Having insurance coverage, either an individually-acquired one or one paid through your employer is imperative for your overall health security. However, even more important is getting the right health insurance plan to ensure that you are well covered and able to pay for it.
There are many health insurance vendors in the market, and all are competing to get you under their umbrella. Many of them have been known to be really good at hiding what’s in their plans, but the Affordable Care Act has set to change that. So, why is it so important to purchase the right insurance plan? And if you already have one, how can you tell if it’s the right one? Here are a few reasons:
1. Wide Coverage Options
The first benefit to having the right health insurance plan is that it gives you an extensive coverage and pays a huge chunk of your expenses when you need it. Generally, a great health insurance coverage should include all essential benefits which include doctor visits, hospitalizations, outpatient treatments, tests, medications, preventative care practices like mammograms and immunizations, pediatric care, rehabilitation, substance abuse and mental health care, and such. It’s important to know exactly what your plan covers so that you don’t get the shock of your life upon realizing something you are suffering from is excluded from the policy.
2. Affordable Monthly Premiums
A good health insurance plan is one which you can affordably pay the set premiums without putting much strain on yourself. Depending on your budget, you should choose the highest available maximum that you can afford. Companies often categorize health insurance plans affordability as bronze, silver, gold, and platinum. These plans only show how you and your provider share costs, but they have nothing to do with the quality of care.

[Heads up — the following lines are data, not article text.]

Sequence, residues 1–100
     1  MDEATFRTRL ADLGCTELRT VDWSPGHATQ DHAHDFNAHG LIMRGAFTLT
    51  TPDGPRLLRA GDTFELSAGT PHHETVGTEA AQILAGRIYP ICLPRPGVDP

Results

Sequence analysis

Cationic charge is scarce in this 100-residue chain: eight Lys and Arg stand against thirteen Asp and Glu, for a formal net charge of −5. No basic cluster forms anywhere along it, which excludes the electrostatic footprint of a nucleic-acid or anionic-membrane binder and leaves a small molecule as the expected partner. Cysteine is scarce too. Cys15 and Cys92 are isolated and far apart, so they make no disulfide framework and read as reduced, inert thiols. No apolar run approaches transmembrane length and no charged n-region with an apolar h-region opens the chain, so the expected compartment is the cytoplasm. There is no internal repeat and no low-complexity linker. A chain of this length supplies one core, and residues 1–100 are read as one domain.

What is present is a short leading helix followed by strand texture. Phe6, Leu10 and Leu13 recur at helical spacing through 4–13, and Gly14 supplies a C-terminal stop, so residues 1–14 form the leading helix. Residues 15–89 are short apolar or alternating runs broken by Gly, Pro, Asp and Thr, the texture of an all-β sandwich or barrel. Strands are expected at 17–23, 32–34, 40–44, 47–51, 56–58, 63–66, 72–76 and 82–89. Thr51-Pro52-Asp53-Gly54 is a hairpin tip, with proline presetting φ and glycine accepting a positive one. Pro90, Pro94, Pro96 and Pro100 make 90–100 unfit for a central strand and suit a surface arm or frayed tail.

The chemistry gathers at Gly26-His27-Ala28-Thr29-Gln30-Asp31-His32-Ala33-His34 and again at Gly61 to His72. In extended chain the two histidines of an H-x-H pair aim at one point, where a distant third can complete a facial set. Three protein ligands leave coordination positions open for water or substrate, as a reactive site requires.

3. Little Out-Of-Pocket Expenses
Having the right insurance coverage will ensure that your out-of-pocket expenses are not a burden to you. You should look at the amount of your deductible each year and determine if it’s affordable. The deductible is the amount that you have to pay out of your pockets before the insurance can start paying for the rest of the expenses.
Some insurance plans will need you to pay the deductible amount before they can cover office visits while others will require you to make co-payments for office visits, and this will not count towards the deductibles. It's important to take a look at your copay and coinsurance (amount you are accountable for after the insurance pays its part) costs. Those with high sharing ratios like 80/20 or 90/10 are best.
4. Network Coverage
Even the most comprehensive insurance plan in the nation is not the best if it can’t help you find a healthcare professional that accepts it. The best plan is one which allows you a broad network of healthcare professionals to choose from. Most plans provide online tools to help you search for hospitals and physicians to see if they are in the defined network. You can also contact the hospital or doctor directly to find out if they accept the insurance plans you are considering.
If you want a wide range of options and flexibility, consider a PPO (preferred provider organization). They may have a defined network, but can at least allow you to seek help outside the network if you want.
5. Business Benefits
According to the Affordable Care Act, employers with over 50 employees are required to cover at least 60% of their employees’ medical expenses.1 However, it's important to understand all your available options as there may be better plans offering even more than that. If you are able to get your employees these plans, you can give them more coverage and their gratitude is more than likely to double or triple. And as a result, they will be more comfortable, happy and productive at work.
Don’t just buy any health insurance plan out there. Do some due diligence to find the one with the most benefits and is perfect for your case!
This content is developed from sources believed to be providing accurate information. It may not be used for the purpose of avoiding any federal tax penalties. Please consult legal or tax professionals for specific information regarding your individual situation. The opinions expressed and material provided are for general information, and should not be considered a solicitation for the purchase or sale of any security.